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There was a positive correlation between the age of the patient and the age of onset (P<0.001) and the duration of the illness (P=0.008). There was a correlation between female sex and prolonged duration of illness (P=0.021). There was a negative correlation between the age of onset and education (P=0.031) and a positive correlation with income (P<0.001). Living with others correlated with older age of onset (P=0.031). Duration of illness correlated negatively with the scores of MMSE (P<0.001), CDT (P<0.001), Activity of the Daily Living (P<0.001), and the Lawton Instrumental Activities of Daily Living scores (P=0.003). Severity of the symptoms was more in the miscellaneous group of dementia and lower in the Alzheimer group (P<0.001) ([Table 3]).
Table 3 Correlation between different demographic variables, cognitive function, and severity of the symptoms

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  Discussion Top


In our study, the prevalence of NPS in patients with dementia differed according to the type of dementia. The most prevalent symptoms were apathy, depression, anxiety, and sleep disturbances. This resembles previous results obtained from samples in the Eastern Region, Saudi Arabia (Amr et al., 2014).

Prevalence rates of depression in our sample ranged from 32.5% in the Alzheimer group to 72.22% in the other two groups, which is slightly higher than that found in other studies (Bergh and Selbæk, 2012), in which the prevalence rates for depression ranged from 22 to 38% (median 28%). The prevalence rate of anxiety in our sample ranged from 30% in the Alzheimer group to 72.22% in the other two groups, which is also higher than other studies in which prevalence rates for anxiety ranged from 17 to 25% (median 22.5%) (Bergh and Selbæk, 2012). Mega et al. (1996) found that increased severity of depression and anxiety was associated with increasing dementia severity. As these symptoms tend to fluctuate over the course of dementia, this can help in explaining the wide range in the prevalence of these psychological symptoms.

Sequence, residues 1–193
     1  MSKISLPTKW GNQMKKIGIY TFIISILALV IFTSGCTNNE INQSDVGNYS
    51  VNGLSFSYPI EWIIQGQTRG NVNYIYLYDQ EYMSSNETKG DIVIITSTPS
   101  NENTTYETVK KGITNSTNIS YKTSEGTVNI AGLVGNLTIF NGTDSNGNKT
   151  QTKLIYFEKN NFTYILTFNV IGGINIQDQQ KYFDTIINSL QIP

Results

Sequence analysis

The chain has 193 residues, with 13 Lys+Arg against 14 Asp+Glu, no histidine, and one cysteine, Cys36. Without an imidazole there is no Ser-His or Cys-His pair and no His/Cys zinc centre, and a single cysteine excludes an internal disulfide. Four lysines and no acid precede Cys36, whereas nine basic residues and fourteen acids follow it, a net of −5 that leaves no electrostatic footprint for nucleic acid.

The prevalence rates of delusion vary across the different studies, with a range of 9–26% (median 16%) (Bergh and Selbæk, 2012; Steinberg et al., 2014). Psychotic symptoms (delusion and hallucination) were less prevalent in our sample, especially in the Alzheimer group, which resembles the results found in the study by Ballard et al. (1997). The Cache County study of aging showed that delusions were common in AD than in VD patients (Steinberg et al., 2008).

Apathy is a frequent symptom in persons with dementia, ranging from 19 to 34%, with a median of 26% (Bergh and Selbæk, 2012). Apathy showed high prevalence in our Alzheimer group (75%), whereas it was less in the other two groups (38.88%), which was slightly higher than that found in other studies. However, our results are in accordance with the finding that studies including only patients with Alzheimer’s disease report higher prevalence rates of depression, anxiety, and apathy compared with studies that include patients independently of etiological dementia diagnosis (Bergh and Selbæk, 2012).

Prevalence rates of agitation/aggression ranged from 20 to 35%, with a median of 27%, followed by irritability (range 20–27%; median 25%), aberrant motor behavior (range 10–32%; median 15%), and disinhibition (range 8–17%; median 15%) (Bergh and Selbæk, 2012), which to a great extent matches our results.